I thought a lot on Election Day about limitations, how we as Americans agreed both explicitly and implicitly, from the nation’s founding, that a black man would never become president. Masters certainly knew it. And from the wretched status to which they were consigned, the slaves no doubt could scarcely imagine it.
Yet, in a political campaign that began with most African Americans pooh-poohing the possibility that whites would vote for a black man and with large numbers of whites suddenly ready to do just that, Barack Obama tapped into the perfect historic moment of cross-racial yearning.
It has left me feeling bittersweet at what came before, for I have been forced to admit a truth to myself about racism and its limiting impact. I realized, quite sadly, that I had dutifully voted every four years for a parade of white male presidential candidates while scarcely lamenting the fact that this office remained the hardest, highest, most coveted barrier against the full and unfettered participation of non-whites in our political system.
Because I never believed that white voters would elevate a person of color to the presidency in my lifetime, I had in effect accepted the “whites-only” rule of the presidency. I’m embarrassed to say: What a triumph of racism!
So I think it is only fitting to “unpack” this idea of limitations, to dissect this thing that will, of course, still plague us but that now will lack its old power.
Let’s face it. Racial limitations have defined our psyches as Americans. For African Americans especially, we have always had to consider the limits of our personal and collective ambitions; to think about just how far we could and could not expect to excel in a nation where racism has been so historically present. Without such calculation, it would have been impossible just to survive.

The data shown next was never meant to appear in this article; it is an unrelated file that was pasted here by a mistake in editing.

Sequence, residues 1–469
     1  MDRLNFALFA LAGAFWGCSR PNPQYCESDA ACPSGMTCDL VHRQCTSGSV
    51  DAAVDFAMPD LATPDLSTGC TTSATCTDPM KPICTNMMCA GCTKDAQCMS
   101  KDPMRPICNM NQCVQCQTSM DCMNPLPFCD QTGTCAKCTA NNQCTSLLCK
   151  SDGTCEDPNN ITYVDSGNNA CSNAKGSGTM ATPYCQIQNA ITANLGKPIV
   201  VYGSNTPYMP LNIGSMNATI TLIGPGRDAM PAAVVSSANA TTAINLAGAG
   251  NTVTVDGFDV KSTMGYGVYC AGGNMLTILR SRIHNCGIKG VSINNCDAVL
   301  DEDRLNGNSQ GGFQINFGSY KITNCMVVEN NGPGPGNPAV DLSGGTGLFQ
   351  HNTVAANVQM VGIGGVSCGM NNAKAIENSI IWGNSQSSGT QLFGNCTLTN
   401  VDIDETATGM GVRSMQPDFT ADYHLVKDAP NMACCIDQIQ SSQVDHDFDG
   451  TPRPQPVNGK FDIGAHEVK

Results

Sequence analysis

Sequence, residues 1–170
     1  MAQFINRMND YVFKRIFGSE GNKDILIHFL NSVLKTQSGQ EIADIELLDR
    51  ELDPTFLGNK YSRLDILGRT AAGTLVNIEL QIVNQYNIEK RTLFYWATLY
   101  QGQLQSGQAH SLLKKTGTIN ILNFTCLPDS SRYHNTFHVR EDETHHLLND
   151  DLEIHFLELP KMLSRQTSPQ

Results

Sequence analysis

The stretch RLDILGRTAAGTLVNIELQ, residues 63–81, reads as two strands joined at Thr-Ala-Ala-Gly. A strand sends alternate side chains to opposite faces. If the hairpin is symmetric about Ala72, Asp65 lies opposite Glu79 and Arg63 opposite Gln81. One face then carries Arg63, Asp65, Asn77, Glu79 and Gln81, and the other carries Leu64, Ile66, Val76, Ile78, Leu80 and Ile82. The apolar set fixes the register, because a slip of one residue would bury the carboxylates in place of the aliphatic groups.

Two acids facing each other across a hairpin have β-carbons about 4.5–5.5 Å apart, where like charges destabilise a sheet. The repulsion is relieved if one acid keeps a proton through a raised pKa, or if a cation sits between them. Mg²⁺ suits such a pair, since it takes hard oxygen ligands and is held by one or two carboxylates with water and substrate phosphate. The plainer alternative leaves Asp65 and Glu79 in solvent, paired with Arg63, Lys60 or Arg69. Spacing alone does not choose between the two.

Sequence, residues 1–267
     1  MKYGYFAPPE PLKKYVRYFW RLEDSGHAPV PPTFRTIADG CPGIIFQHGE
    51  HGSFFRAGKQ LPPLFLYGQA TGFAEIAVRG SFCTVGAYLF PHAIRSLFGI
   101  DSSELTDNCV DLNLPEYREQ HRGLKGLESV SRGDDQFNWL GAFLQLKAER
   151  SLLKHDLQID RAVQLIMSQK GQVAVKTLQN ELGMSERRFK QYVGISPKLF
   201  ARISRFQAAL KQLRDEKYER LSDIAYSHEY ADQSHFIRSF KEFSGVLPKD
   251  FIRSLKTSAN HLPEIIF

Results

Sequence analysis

The slave had to know the physical limits of the plantation and had to know how to circumscribe his behavior to avoid the lash. After slavery, we had to be damned certain to understand the limits of our so-called freedom, especially when Reconstruction turned to ethnic cleansing and Jim Crow was let loose on the land.
Later, in the modern era, we had to know when voting would be deadly—the ultimate limitation. And we had to know how hard to push, to fight, to secure our rights, to test the limits of America’s promise. We risked the blows that took too many lives, until, at last, we won full rights in the 1960s. We were protected by the Constitution. And we could vote—for whomever we chose, black or white.
And yet, we always knew that the ultimate prize of our political system was off-limits. Not by law, not by decree, but by long-held custom. Shirley Chisholm ran. Jesse Jackson ran. But white America (and back then such a monolithic group was far more real than today) wasn’t having it. Racism was its limitation.